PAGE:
The Heskeths received their estate and manor at Rufford by marrying into the Fitton family. Maud Fitton brought the land and title in the late 1200 and early 1300s. This was to be the Hesketh’s main powerbase, although they had better quality land at Great Harwood. Back in medieval times Rufford was very marshy, with nearby Martin Mere and River Douglas making it an isolated place.
When Thomas Hesketh died in 1523, he left three daughters with the right to inherit. However, his illegitimate son Robert pressed his claim as heir. He had the support of his father-in-law Sir John Towneley (of Towneley Hall), Sir Thomas Southworth of Samlesbury and the powerful Stanley family. His bid was successful and he received the manor and land.
In 1530, to consolidate his claim, Robert built Rufford Hall, probably using the same craftsmen that had worked at Samlesbury Hall (see our page on it here). The impressive wooden Tudor hall with its rare hammerbeam roof is still there today.
When Robert died, in 1541, the house had not properly been completed, but was finished off by his son Thomas. Thomas rotated his time between his three properties of Rufford, Great Harwood and nearby Holmeswood Hall which overlooked Martin Mere. He had William Shakespeare in his company of actors, taking him on from Alexander Hoghton (of Lea Hall and Hoghton Tower) after Hoghton died.
In 1662, John Molyneux of Teversal, Nottinghamshire was acting as guardian to the young Hesketh heir. He had the huge three story brick wing built and this too still exists at Rufford. This was for family and servants, and consisted of a large new kitchen, service rooms and sleeping quarters.
In 1720, a later Thomas Hesketh did a major rebuild by taking a large part of Holmeswood Hall and re-using it at Rufford. The existing east wing was taken down and a six bay, two storey part of Holmeswood was erected in its place to create the four bay dining hall (the one we see today) and two bay ante-room and first floor drawing room (also on view today).
By the mid 1760s, the Heskeths wanted a more modern home, and so had a brand new neo-classical mansion built nearby called Rufford New Hall (now converted into houses). The old hall was leased to Thomas Lowe, a gardener. With the family no longer in residence it was probably very easy for the Leeds & Liverpool Canal Company to put a canal right next to the hall. Its function was to link the canal at Burscough with the River Douglas near Tarleton.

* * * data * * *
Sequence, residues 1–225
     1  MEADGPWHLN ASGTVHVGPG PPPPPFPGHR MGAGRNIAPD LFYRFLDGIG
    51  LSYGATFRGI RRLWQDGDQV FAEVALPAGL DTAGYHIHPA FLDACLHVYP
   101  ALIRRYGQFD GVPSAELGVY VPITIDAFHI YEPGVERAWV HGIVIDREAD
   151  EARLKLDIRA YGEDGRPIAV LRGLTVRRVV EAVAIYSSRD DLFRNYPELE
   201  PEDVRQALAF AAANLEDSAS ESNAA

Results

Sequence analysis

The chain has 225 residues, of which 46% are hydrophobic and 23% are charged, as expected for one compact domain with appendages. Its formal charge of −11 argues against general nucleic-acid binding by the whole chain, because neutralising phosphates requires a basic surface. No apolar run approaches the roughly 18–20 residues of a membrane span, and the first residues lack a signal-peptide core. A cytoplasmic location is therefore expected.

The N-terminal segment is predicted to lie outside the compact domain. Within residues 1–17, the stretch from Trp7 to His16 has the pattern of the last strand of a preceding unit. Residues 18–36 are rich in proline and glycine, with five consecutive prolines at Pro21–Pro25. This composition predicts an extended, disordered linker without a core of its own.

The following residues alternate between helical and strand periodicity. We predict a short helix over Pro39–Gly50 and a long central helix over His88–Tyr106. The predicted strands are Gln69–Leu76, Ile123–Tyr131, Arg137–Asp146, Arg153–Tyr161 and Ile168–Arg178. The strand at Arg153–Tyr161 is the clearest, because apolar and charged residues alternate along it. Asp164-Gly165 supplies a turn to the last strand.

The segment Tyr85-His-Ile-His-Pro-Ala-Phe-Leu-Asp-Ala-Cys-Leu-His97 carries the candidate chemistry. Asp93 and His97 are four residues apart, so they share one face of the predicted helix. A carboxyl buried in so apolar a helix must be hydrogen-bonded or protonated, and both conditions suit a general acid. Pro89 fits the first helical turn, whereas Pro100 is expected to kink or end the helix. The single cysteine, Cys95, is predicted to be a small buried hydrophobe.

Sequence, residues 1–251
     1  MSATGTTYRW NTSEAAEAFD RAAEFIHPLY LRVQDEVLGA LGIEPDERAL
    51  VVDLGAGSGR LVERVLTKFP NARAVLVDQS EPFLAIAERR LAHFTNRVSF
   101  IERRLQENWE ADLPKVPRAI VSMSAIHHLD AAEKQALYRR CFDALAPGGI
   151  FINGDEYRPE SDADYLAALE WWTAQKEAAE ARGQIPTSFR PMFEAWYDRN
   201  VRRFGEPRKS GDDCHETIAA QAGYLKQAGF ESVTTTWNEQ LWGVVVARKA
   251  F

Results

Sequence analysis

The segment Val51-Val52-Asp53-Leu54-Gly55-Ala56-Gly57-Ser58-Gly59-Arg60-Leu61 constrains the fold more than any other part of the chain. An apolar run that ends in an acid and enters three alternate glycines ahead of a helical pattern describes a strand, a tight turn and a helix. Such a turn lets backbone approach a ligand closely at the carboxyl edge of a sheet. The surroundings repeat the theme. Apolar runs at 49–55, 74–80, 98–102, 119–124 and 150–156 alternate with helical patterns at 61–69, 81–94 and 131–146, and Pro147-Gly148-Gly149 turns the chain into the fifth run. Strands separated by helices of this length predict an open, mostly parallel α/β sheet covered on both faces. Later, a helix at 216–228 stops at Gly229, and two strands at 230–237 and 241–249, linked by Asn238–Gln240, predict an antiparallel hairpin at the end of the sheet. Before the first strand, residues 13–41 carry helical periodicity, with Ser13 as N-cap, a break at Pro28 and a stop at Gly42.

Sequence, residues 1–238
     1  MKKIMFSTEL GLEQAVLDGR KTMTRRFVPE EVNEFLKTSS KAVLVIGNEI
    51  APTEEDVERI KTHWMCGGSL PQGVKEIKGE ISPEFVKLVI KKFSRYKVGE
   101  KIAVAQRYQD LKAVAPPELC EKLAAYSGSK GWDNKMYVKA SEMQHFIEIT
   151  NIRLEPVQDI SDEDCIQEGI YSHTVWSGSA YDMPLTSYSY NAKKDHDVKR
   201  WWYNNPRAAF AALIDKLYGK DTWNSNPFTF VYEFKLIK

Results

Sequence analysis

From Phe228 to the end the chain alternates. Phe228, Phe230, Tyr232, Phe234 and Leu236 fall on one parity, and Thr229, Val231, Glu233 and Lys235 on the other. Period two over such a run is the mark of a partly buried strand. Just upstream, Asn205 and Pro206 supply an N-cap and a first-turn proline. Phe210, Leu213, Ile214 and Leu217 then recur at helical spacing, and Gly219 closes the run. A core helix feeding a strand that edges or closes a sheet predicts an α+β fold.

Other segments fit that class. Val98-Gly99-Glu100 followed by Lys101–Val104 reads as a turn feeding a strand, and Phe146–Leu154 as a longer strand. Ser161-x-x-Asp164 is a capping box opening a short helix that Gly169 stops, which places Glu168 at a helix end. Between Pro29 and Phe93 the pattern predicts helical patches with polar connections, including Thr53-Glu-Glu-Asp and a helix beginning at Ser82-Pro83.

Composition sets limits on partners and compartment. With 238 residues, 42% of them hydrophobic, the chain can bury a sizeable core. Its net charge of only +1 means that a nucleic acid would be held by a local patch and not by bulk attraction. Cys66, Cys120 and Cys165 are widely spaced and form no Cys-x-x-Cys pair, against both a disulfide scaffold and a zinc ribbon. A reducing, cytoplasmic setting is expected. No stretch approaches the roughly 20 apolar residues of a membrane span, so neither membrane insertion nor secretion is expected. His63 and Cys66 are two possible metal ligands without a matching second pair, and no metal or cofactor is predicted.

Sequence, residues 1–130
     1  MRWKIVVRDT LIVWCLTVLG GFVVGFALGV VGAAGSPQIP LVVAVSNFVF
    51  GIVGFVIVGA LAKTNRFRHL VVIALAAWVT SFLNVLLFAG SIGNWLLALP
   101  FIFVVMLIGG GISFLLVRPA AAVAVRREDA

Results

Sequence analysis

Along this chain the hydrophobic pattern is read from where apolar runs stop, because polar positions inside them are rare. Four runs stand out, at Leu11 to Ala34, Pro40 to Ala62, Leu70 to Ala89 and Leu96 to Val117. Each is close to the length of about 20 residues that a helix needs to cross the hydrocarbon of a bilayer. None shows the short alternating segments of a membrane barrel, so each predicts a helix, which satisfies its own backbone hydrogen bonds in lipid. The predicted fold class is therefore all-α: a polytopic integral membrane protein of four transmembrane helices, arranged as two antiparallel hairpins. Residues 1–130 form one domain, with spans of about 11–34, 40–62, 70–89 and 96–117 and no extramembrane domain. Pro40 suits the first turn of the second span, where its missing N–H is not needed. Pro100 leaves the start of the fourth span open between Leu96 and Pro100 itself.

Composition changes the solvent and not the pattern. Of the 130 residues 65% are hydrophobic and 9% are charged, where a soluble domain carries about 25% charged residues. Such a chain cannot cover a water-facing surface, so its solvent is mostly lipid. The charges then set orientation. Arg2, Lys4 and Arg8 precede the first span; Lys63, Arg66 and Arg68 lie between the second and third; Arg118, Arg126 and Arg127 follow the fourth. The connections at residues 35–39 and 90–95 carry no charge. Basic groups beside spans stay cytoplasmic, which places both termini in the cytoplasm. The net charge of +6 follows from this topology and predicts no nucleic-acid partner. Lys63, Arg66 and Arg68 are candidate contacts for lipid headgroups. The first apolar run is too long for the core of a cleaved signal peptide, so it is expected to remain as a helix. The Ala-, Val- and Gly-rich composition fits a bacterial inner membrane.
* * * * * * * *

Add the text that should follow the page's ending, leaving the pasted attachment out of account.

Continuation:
In the early 1800s, the Tudor Great Hall was used as the village schoolroom. The Heskeths employed a schoolmaster at 52 pounds 10 shillings a year. In 1825, a new school opened in the village and parents that could afford it paid fees for their children to attend. There was a clothing fund which poorer parents contributed to (instead of fees) and which poaching fines also paid into.
With the school out of Rufford Old Hall, Thomas Henry Hesketh was able to refurbish it to his late Georgian tastes. He employed local architect John Foster to add a mock Tudor look. Foster took the 1720 Holmeswood Hall wing, enlarged it , and added brick and plaster on the outside in an effort to make it look like timber framing. The main entrance was relocated into the 1662 brick wing, entering into what would have been the kitchen. This had a Tudor style gothic entrance door put in place to make it look more grand. The Great Hall had a lantern roof added to act as a skylight for the billiard table!
The hall was ready for reoccupation in 1826 and Hesketh and his wife Annette collected carved oak traditional Lancashire furniture to fill it (much of it still on show today). They also added stained glass and a collection of mostly German and Italian armour and weapons in the Great Hall, a craze at the time amongst the gentry.
Forty years later, the Heskeths inherited an estate in Northamptonshire and decided to relocate there permanently. In 1872 their land agent occupied the hall, and began to sell off their many Lancashire estates. The old hall was briefly reoccupied by Thomas Fermor Hesketh and his wife Florence, but in 1936 he decided to give the house to the National Trust, who have run it ever since.
For the visitor today there is much of interest. The original high status wooden Tudor Great Hall with its hammer beam roof, mass of carvings and original unique moveable screen are all in superb condition. The impressive 1662 wing with its converted kitchen is still the main entrance hall. The surviving parts of Holmeswood Hall live on in the ante, drawing and dining rooms.
The estate yard features Philip Ashcroft’s museum of local life. Concerned that local rural customs and practices were slipping away, in 1936 he started a collection of everyday objects for work, home and play which the National Trust later took over. The Victorian five acre garden features a variety of rhododendrons, a woodland and an orchard with old northern varieties of apples.
Site visited by A. and S. Bowden 2017. This text written 2018
There is an entrance charge and it is in line with most large National Trust properties (i.e on the more expensive side. However, it is well worth it).
Open most days (but NOT Thursdays and Fridays in most months) – best to check their website here
Rufford Old Hall, Richard Dean (2007), National Trust
Rufford Old Hall Lancashire, (1998) National Trust
Lancashire’s Historic Halls, David Brazendale (1994) Carnegie Publishing